Wednesday, 20 June 2007

A (Partial) Spammer Taxonomy

I was recently asked by a journalist, "So who are these spammers, anyway?"

There are many different types of spammer. Here are some examples:
  • Affiliates of vendors of products that can cause embarrassment (e.g. pills and porno). Such spammers get paid by commission on sales. Some of the products may be genuine; many are fake or of dubious quality. See Why You Shouldn't Buy from Spammers
  • Criminal gangs intent on driving up the price of a stock. They will have bought the shares before sending the spam and then sell their shares when the price rises. This is known as "stock kiting" or a "pump and dump scam." See Pump'n'dump: it's all About the Timing, Baby
  • Advance-fee fraudsters. They write pretending to have access to a large amount of money and need your help to transfer it to another country. They offer a percentage of the money for your help. Often originates in Nigeria. Also known as a "419 scam." See Evidence of 419 Scam Targeting Using Google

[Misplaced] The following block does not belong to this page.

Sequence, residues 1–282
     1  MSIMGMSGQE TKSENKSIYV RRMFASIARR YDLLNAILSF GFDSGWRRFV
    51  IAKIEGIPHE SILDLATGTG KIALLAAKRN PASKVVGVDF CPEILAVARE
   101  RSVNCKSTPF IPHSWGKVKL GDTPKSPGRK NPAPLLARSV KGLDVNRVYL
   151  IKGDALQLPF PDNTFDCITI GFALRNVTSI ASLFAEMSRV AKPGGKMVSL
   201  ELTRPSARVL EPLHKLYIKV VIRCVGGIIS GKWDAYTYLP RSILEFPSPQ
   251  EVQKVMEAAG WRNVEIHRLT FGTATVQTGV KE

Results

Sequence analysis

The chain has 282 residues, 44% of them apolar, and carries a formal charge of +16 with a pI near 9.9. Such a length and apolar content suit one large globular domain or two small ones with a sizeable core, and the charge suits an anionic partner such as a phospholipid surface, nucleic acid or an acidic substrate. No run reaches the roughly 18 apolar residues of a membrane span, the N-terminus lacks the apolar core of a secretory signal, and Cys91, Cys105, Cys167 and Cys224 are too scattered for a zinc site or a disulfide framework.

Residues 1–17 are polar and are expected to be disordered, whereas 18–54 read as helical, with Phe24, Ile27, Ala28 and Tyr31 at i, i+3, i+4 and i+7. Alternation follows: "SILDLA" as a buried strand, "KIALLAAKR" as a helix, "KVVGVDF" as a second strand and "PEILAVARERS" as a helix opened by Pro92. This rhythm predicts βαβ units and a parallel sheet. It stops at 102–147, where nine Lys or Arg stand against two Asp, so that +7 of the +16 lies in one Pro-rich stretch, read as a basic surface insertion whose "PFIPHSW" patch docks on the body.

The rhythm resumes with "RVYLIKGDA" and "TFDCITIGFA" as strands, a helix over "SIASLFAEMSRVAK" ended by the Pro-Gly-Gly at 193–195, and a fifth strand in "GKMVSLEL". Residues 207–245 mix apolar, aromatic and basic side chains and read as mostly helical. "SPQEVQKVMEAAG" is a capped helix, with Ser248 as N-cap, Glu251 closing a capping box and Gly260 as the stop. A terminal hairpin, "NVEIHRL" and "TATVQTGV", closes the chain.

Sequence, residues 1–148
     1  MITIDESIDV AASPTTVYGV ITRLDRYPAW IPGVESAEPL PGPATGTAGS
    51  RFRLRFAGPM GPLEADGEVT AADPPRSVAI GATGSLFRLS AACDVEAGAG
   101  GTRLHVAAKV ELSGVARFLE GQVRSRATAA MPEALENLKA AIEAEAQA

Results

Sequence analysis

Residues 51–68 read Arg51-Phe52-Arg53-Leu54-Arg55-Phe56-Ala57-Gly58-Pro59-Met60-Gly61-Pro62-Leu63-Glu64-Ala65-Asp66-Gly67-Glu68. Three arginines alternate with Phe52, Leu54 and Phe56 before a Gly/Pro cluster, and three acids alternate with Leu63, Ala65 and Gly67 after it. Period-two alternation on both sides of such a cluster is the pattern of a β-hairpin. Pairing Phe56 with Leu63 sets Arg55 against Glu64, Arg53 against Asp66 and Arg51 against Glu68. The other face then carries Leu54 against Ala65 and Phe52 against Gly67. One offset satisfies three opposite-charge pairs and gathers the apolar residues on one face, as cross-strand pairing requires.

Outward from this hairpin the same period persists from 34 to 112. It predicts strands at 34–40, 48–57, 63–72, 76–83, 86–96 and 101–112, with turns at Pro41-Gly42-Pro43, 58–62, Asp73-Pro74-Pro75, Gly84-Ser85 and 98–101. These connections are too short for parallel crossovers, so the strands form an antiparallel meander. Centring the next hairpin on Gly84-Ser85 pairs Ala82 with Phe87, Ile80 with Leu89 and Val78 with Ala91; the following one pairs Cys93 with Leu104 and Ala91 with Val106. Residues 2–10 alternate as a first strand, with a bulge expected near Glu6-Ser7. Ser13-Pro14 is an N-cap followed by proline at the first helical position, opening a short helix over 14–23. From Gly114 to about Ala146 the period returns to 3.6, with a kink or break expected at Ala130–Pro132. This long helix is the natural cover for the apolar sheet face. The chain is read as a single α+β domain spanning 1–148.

• Companies that don't respect unsubscribe requests. See ZD are Spammers!
  • Companies that, after you sign up for newsletter "A" also send you information about topic "B." This is known as "List repurposing." See Techweb Spams me; Am I Impatient?
  • Legitimate companies who have bought lists of email addresses in good faith from liars. They are told that the names on the list are willing to receive unsolicited email, but actually the list is just names harvested from Web pages or stolen from address books. Such companies should perform better due diligence, but often don't.

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